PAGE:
My name is Joe. I am 37 years old and I’m from Lexington. Growing up I had the best childhood anyone could ask for. I never wanted for anything and had a very loving family that made sure that I was happy and healthy.
Once I was in high school I struggled with a lot of the same things other kids do when they are trying to find their way. Fitting in didn’t always come naturally. I started experimenting with alcohol and marijuana because I felt that was expected for me to fit in. When I did, I found that this gave me an escape from feeling worried and made it easier for me to relax. The problem here was that I started using this coping mechanism for daily life. You could not convince me that this affected my life in a negative way.
Little did I know, but my ability to live life on life’s terms had already been severely limited. I needed my daily helper to push me on. Inevitably, life didn’t always pan out like I wanted. I lost a girlfriend in an apartment fire, went through a difficult divorce, and lost my older brother to suicide.
Every time something went wrong I retreated deeper into dependence on a substance to even me out. After the death of my brother, I was introduced to heroin. The instant relief calmed me. I felt that I was floating in a sea of indifference. I instantly loved that feeling of not caring anymore. I was hooked. I never looked back or considered the negative consequences of what could be. My life quickly spiraled downward.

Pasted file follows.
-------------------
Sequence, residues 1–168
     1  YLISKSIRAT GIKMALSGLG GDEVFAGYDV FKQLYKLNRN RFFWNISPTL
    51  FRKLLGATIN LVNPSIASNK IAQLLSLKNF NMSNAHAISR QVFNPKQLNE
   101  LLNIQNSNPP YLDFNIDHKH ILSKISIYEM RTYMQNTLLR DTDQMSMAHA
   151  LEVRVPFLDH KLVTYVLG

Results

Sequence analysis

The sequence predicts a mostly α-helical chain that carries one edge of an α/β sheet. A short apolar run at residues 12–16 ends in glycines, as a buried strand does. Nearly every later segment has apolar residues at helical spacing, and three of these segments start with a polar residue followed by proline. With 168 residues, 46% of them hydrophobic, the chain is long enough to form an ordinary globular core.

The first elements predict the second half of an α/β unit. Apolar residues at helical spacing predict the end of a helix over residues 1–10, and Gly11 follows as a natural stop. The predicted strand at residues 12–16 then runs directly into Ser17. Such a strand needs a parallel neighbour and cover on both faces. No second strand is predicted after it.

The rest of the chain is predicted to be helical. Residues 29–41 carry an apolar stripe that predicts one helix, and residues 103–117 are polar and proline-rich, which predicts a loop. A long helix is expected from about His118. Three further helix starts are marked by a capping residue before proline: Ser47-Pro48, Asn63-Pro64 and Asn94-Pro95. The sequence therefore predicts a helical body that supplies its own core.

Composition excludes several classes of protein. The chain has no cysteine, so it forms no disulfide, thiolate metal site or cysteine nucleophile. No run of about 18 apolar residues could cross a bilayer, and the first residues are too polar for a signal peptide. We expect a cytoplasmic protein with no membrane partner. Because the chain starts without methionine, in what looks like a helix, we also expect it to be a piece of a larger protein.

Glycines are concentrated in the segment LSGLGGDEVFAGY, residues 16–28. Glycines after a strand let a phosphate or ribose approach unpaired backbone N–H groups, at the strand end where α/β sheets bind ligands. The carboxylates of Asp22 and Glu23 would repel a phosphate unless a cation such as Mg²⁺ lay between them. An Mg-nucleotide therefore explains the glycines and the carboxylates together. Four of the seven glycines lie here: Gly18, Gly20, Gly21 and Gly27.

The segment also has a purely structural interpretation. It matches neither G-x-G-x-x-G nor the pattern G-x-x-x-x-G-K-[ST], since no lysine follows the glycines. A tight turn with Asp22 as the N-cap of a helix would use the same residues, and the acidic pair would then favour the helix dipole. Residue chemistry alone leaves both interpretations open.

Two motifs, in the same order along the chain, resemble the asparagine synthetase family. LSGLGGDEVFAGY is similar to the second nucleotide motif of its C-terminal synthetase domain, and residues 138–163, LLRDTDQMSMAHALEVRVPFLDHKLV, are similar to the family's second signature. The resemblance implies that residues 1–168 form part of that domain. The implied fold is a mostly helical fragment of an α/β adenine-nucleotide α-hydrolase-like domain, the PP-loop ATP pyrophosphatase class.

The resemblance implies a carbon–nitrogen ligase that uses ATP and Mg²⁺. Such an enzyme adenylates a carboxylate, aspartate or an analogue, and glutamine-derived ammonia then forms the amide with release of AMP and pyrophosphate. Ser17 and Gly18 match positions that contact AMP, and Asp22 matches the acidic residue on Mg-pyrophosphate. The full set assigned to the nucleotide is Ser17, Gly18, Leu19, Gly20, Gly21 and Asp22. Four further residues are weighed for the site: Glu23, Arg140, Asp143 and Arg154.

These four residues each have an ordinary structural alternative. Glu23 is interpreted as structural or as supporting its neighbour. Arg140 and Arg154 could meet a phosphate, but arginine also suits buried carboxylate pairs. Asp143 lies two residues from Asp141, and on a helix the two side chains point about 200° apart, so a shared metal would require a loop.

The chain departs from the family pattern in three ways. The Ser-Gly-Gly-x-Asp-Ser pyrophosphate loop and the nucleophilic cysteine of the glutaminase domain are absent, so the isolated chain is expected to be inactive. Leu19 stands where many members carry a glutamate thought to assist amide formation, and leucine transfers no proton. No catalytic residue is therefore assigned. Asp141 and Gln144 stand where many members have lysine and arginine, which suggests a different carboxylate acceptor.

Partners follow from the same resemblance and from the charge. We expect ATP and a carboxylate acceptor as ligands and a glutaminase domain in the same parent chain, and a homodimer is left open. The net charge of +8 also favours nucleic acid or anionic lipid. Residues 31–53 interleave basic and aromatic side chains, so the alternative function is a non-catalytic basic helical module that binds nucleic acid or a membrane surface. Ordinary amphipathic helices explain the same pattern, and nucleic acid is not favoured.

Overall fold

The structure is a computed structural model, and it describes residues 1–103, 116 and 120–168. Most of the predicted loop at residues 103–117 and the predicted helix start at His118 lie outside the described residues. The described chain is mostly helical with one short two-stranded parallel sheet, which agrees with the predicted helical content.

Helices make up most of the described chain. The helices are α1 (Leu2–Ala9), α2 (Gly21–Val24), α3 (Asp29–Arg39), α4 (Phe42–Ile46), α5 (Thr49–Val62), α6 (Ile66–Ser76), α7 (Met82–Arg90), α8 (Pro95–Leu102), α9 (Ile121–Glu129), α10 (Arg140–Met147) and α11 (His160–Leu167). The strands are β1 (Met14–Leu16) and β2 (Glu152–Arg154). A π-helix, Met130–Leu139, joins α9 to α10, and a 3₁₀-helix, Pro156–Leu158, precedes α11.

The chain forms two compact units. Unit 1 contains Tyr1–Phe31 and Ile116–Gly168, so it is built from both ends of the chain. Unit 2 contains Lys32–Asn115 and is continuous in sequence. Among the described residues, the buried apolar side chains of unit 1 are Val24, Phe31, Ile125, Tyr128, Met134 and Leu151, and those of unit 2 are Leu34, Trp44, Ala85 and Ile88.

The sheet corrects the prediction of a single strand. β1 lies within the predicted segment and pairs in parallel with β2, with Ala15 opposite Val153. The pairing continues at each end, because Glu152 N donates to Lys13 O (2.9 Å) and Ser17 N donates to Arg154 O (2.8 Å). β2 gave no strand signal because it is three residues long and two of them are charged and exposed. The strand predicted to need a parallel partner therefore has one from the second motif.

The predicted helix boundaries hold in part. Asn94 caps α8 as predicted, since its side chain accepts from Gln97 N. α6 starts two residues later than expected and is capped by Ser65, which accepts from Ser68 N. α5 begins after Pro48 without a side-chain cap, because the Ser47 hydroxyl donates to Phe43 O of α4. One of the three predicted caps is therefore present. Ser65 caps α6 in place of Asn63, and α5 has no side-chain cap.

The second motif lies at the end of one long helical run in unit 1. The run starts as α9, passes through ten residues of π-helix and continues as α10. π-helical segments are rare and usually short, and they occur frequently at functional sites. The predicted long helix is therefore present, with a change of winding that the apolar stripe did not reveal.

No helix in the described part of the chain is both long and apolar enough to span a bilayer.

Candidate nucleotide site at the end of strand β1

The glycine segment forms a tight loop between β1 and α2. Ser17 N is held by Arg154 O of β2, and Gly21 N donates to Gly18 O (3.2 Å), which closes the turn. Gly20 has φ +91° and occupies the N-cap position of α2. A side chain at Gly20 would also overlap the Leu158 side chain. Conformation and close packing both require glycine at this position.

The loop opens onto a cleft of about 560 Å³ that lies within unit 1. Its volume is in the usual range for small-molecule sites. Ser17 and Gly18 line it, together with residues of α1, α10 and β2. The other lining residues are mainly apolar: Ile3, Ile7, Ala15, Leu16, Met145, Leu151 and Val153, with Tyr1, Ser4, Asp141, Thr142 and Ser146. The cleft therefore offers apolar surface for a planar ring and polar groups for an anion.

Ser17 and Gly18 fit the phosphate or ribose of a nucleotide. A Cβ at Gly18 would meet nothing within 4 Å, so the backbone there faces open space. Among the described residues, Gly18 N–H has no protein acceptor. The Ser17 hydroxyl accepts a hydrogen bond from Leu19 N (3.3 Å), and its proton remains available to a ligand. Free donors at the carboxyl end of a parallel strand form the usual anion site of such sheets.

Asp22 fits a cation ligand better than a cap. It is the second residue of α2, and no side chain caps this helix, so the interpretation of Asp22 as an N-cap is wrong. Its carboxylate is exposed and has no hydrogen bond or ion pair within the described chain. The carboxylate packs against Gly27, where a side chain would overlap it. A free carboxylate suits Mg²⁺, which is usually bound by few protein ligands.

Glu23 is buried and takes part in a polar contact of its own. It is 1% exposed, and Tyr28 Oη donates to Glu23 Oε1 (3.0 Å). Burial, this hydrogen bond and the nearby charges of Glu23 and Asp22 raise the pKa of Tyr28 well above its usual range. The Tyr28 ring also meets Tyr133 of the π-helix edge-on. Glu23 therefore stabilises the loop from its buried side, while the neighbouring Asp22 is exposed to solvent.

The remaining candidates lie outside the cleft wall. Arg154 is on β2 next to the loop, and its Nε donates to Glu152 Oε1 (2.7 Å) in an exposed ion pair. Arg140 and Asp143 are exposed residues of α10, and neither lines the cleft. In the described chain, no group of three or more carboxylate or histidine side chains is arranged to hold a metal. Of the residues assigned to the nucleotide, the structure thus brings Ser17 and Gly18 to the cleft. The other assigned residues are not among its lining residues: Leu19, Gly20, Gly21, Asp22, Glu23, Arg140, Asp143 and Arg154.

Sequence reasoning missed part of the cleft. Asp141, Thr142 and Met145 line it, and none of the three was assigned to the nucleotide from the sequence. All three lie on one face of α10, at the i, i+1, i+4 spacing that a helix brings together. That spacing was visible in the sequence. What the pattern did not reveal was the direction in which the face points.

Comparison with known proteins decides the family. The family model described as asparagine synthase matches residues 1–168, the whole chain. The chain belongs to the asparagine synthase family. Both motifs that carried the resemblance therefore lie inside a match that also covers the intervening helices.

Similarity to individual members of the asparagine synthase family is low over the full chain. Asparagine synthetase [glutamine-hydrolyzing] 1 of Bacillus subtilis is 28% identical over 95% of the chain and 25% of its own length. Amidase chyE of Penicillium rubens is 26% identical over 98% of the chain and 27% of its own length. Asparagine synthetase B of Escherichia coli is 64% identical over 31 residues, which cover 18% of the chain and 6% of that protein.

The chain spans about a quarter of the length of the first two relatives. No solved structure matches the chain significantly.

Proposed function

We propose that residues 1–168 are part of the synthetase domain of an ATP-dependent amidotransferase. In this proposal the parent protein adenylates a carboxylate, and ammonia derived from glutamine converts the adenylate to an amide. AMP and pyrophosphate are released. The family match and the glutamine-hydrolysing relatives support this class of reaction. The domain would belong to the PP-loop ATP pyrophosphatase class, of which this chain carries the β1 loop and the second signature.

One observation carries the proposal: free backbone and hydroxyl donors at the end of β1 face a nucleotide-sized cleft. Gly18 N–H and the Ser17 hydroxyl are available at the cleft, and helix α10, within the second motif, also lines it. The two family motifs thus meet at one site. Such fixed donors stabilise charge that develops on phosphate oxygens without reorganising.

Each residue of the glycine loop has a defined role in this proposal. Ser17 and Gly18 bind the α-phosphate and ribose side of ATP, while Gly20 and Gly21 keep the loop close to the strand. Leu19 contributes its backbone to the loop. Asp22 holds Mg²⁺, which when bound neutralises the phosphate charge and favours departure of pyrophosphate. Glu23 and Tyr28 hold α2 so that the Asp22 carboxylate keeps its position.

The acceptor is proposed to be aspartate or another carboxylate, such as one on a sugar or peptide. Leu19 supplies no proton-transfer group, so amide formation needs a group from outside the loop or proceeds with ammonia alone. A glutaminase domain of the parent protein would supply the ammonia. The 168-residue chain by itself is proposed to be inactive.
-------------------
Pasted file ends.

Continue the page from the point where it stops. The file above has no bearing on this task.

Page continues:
I couldn’t keep jobs, couldn’t maintain relationships, couldn’t even complete small tasks because of my mounting addiction. My daily life became a constant search for my next fix. Lying, cheating, stealing, and manipulating became my only way of survival. My friends and family became increasingly worried and urged me to get help. The first couple of rehabs I attended were only so I could get them off of my back and return to my use.
They say you can only get better when the pain of staying the same finally outweighs the pain of changing. Thank God that finally became a reality for me.
I entered Isaiah’s House on May 18, 2018. I was so tired of running from my pain and my problems. It took me a while to get comfortable, but the staff and other clients were determined to make me feel welcome and help me walk with purpose again. Last Saturday, July 27, 2019, I graduated the program and for the first time in my life I feel I have really accomplished something.
I have my family in my corner. I have made so many lifelong friends this past year. I have a real relationship with my higher power whom I call God. I couldn’t have done it without the expert and resolute help of The Isaiah House. If you, or a loved one needs help, please consider reaching out to get help. There is always someone ready to help you reach your dreams. Real hope for addiction!!!